BRIEF DESCRIPTION OF THE NUMERAL

BRIEF DESCRIPTION OF THE NUMERAL
NUMERAL DESCRIPTION
11 PRONGED DEVICE
13 PRONGS
15 SIGNALING UNIT
17 ARROW
19 COLLAR
21 FRONT SIDE
23 REAR SIDE
25 OUTSIDE SURFACE
27 PASSAGEWAY
29 LONGITUDINAL AXIS
31 TWO EDGES
33 OUTSIDE EDGE
35 INSIDE EDGE
37 TEETH
39 ANIMAL
41 TWO ENDS (PRONG)
43 BASE
45 TIP
47 PERFORATION
49 ACUTE ANGLE
51 SIGNALING UNIT
53 HEAD
55 SHANK
57 BACK END
59 POINT
61 SHAFT

DETAILED DESCRIPTION OF THE PREFERRED EMBODIMENT

Referring now to FIG. 1, a pronged device 11 is shown. The pronged device 11, with a signaling unit 15 in each of the prongs 13 is the Device for Locating a Wounded Animal. The Device for Locating a Wounded Animal is used with an arrow 17 and thus pertains to bow hunting.

The pronged device 11 includes a collar 19. The collar 19 has a circular cross section and has a front side 21 and a rear side 23. The collar 19 also has an outside surface 25 and has a passageway 27 through it. The passageway has a longitudinal axis 29.

The prongs 13 are affixed to the collar 19 on its outside surface 25. The three-prongs 13 each has essentially the same size and shape. Each prong 13 has two edges, namely an outside edge 33 and an inside edge 35. One of the two edges 31, preferably the inside edge 35 is jagged, having teeth 37 on it to cause a prong 13 to remain in an animal 39 into which the prong 13 has been thrust.

Each prong 13 has two ends 41, namely a base 43 and a tip 45. The tip 45, as would be expected, is pointed so that the prong 13 will pierce the skin of an animal 39. The base 43 is the broadest part of each prong 13. The prongs 13 taper from the base 43 to the tip 45.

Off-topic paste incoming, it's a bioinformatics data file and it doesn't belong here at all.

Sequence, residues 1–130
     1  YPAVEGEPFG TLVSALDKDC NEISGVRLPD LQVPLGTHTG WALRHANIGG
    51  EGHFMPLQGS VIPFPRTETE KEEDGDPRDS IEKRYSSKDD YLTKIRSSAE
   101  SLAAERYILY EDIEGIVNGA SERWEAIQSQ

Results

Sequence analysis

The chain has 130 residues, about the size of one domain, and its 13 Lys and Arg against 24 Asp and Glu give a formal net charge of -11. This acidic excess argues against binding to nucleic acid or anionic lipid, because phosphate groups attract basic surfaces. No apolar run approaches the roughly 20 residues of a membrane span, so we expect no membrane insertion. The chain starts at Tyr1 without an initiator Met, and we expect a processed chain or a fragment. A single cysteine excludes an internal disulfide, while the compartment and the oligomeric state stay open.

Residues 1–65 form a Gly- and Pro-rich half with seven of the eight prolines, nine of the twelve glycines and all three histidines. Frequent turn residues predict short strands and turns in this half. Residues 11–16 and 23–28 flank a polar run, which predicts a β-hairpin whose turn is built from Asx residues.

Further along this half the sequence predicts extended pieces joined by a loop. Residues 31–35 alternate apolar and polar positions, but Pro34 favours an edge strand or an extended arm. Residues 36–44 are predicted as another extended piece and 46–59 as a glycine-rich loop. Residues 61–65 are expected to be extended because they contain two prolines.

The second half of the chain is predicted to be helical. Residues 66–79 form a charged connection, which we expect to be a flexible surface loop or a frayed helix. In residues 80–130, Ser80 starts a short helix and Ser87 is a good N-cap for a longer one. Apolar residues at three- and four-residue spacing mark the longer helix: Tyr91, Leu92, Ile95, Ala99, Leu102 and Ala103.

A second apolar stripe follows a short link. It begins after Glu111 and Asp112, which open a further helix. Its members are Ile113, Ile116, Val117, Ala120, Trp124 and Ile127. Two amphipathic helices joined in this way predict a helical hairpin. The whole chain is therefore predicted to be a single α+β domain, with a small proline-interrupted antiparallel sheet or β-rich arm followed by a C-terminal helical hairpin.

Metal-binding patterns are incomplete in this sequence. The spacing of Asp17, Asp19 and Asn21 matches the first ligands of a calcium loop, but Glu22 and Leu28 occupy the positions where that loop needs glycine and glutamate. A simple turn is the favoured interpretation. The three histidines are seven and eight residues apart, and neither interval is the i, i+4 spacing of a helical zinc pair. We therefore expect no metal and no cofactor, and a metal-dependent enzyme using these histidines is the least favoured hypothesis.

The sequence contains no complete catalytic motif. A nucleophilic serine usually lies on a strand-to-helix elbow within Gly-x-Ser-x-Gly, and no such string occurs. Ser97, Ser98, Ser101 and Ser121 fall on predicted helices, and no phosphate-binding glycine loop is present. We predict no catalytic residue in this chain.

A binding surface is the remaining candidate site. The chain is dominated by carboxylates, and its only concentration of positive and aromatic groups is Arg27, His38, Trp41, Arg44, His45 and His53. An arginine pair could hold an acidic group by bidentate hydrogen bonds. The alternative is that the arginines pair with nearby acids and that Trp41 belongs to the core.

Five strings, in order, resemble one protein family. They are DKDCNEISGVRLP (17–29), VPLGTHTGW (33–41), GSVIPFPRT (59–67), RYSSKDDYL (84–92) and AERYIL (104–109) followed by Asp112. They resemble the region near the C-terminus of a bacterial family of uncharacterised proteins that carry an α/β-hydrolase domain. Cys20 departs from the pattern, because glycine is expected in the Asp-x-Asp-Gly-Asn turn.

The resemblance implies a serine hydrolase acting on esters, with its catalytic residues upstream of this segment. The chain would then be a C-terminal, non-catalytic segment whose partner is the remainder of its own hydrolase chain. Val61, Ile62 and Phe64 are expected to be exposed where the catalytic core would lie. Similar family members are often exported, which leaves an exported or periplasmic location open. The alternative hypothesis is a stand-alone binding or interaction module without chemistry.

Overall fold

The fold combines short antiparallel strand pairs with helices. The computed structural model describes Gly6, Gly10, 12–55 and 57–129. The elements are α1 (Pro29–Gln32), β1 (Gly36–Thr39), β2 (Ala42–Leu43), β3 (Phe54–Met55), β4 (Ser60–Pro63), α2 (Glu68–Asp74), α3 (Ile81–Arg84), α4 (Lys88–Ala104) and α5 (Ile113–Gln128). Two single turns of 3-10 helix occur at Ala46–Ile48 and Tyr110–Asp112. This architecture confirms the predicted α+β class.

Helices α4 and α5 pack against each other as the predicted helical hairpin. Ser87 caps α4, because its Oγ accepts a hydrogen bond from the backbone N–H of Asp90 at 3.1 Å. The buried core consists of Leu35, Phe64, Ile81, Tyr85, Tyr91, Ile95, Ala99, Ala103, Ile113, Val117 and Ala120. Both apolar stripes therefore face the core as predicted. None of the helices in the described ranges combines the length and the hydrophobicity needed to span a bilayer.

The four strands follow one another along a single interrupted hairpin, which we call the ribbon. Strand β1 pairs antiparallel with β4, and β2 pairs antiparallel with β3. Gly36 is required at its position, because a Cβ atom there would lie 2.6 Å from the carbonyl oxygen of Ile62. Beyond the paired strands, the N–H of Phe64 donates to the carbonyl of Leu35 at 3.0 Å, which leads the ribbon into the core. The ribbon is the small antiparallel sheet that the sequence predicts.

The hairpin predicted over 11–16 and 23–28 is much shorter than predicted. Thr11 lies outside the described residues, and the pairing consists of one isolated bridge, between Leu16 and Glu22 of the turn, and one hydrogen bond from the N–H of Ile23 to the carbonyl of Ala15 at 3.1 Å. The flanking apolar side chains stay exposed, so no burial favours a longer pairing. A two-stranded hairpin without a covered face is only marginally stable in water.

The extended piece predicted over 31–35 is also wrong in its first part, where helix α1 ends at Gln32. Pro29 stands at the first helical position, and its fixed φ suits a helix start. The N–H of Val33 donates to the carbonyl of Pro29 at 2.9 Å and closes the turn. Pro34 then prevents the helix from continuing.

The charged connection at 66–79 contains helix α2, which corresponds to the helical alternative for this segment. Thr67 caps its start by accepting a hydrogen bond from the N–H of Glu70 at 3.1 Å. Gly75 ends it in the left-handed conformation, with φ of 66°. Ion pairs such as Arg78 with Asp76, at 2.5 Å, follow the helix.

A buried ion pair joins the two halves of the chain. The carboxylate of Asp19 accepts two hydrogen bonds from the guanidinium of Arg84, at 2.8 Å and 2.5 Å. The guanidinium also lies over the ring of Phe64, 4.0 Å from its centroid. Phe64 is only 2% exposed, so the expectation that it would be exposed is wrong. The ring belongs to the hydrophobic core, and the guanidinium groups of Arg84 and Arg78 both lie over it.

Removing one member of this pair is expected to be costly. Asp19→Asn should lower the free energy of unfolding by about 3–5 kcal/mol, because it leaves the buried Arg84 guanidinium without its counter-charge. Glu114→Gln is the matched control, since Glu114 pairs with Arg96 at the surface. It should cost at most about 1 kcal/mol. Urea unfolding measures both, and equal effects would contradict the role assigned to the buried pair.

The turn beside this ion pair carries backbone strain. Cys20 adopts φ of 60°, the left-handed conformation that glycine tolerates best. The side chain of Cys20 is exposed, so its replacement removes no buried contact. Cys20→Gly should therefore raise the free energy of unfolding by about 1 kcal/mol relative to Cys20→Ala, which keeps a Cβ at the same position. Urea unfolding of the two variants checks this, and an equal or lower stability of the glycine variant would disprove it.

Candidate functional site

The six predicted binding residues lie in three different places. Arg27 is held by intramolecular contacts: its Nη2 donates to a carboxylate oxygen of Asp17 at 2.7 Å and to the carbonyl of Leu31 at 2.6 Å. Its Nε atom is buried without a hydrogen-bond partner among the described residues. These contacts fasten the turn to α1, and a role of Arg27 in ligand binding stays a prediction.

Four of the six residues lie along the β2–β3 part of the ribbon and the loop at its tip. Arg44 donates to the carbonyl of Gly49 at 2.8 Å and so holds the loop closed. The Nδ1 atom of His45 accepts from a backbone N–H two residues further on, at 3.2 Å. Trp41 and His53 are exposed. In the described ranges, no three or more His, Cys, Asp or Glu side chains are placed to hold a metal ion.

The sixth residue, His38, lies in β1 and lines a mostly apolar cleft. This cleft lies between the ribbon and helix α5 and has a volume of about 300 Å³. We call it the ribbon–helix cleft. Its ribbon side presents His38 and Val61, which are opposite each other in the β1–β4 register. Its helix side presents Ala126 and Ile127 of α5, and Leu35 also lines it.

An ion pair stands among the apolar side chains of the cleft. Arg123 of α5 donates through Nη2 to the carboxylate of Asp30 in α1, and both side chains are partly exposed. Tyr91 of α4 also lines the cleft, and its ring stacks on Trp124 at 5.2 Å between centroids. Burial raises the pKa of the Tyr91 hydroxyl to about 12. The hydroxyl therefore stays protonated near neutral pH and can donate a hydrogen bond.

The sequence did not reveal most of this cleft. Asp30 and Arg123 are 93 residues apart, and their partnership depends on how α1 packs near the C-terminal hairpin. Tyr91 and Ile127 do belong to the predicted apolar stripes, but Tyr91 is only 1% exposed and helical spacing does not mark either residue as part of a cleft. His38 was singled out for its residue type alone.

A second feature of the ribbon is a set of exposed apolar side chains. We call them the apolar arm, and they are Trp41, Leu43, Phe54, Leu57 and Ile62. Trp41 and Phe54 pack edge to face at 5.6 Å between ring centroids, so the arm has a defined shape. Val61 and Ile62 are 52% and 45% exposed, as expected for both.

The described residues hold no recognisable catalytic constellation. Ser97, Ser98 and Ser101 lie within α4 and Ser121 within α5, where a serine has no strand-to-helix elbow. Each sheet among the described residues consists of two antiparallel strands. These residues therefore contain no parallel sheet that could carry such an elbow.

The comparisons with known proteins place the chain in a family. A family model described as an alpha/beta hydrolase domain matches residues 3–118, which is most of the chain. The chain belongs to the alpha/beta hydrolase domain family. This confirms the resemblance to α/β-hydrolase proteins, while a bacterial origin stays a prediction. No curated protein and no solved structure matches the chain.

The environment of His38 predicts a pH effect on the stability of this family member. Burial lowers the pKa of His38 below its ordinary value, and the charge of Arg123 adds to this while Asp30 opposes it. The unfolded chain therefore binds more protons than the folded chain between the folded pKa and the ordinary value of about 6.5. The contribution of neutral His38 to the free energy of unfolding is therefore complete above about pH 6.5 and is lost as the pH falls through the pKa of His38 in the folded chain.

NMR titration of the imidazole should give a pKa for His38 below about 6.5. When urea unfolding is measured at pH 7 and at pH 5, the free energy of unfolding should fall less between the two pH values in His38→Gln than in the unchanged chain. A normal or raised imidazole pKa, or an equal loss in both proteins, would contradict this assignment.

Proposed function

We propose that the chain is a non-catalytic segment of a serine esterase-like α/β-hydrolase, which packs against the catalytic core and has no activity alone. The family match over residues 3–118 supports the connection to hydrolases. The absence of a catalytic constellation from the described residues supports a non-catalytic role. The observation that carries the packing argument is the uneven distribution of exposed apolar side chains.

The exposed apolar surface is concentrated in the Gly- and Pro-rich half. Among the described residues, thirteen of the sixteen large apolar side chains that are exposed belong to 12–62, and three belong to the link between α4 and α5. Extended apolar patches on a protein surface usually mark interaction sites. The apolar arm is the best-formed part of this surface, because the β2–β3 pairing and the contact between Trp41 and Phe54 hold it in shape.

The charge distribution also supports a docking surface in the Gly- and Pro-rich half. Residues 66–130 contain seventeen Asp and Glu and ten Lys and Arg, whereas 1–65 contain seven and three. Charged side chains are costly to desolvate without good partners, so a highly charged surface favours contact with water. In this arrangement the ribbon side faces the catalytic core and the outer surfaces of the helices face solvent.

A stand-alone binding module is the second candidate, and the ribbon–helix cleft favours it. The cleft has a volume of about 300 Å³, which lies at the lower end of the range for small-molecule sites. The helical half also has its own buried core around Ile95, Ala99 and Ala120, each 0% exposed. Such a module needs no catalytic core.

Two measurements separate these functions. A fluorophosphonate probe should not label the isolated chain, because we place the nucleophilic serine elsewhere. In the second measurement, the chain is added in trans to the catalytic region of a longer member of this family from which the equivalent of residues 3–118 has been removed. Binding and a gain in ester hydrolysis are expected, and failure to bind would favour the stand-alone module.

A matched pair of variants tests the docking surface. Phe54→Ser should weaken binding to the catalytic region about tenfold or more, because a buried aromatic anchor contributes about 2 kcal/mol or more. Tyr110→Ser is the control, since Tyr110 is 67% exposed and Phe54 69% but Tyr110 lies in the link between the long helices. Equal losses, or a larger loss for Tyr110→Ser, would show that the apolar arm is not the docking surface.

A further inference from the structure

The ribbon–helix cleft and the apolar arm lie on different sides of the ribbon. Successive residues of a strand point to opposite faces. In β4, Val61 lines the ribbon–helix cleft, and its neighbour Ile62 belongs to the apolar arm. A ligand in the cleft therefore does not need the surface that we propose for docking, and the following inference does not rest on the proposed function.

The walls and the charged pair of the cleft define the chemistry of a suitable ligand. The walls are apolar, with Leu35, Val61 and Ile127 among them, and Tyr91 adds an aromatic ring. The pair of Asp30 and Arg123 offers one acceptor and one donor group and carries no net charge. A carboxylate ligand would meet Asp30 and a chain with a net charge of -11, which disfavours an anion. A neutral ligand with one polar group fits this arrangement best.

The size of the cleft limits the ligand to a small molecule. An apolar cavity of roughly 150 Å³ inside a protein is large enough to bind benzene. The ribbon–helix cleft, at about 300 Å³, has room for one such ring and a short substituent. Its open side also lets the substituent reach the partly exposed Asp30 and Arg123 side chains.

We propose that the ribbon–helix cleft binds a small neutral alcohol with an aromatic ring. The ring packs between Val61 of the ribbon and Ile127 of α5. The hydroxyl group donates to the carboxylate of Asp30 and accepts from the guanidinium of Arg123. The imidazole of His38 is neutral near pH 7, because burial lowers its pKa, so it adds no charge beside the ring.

At the base 43, each prong 13 has a perforation 47. This permits each prong 13 to break off the collar 19. In this way, the prong will remain embedded in an animal 39 even if the arrow 17 on which the pronged device 13 is mounted falls from the animal 39.

The three prongs 13 all are pointed in the same direction over the front side 21 and away from the rear side 23 and the front side 21 of the collar 19. The prongs 13 are generally equi-spaced about the collar 19 and with three prongs 13 are substancially one hundred twenty degrees apart about the collar 19.

Each prong 13 is located at the same acute angle 49 to the longitudinal axis 29 of the collar 19. The acute angle 49 is within the range of fifteen degrees to seventeen degrees. Preferably, the acute angle 49 is fifteen degrees.

As also seen in FIG. 1, a signaling unit 51 is located in each prong 13. The location of the signaling unit 51 is not essential for operational reasons but toward the base 43 is the best location as the prongs 13 have their greatest structural size toward the base 43.

The signaling unit 51 may utilize many forms, but preferably the signaling unit 51, is a transponder which operates with the Global Positioning System (G.P.S.). A signaling unit 51 of this type is, in essence, a chip; Verichip Corporation and Applied Digital Solutions produce such chips.

The signaling unit 51 may operate in a variety of ways. The signaling unit may be energized on impact or may be energized by a signal. Regardless of how the signaling unit 51 is energized, the signaling unit 51 emits a signal that locates the signaling unit 51. Location of the signaling unit 51 thereby locates the wounded animal.

In FIG. 2 and FIG. 3, a head 53 for an arrow 17 is shown. The head 53 has a shank 55 which is cylindrical and which is located at the back end 57 of the head 53. The back end 57 of the head is the opposite end from which a point 59 is located that initially penetrates the animal 39. Extending from the shank 55 is a shaft 61 of the arrow 17 as shown in FIG. 3. The shaft 61 is threaded into the shank 55.

The collar 19 is placed over the shank (FIG. 2) with the prongs 13 pointing in the general direction of the point 59 of the head 53. The attachment of the shaft 61 of the arrow 17 onto the shank 55 of the head 53 retains the pronged device 11 in place on the head 53.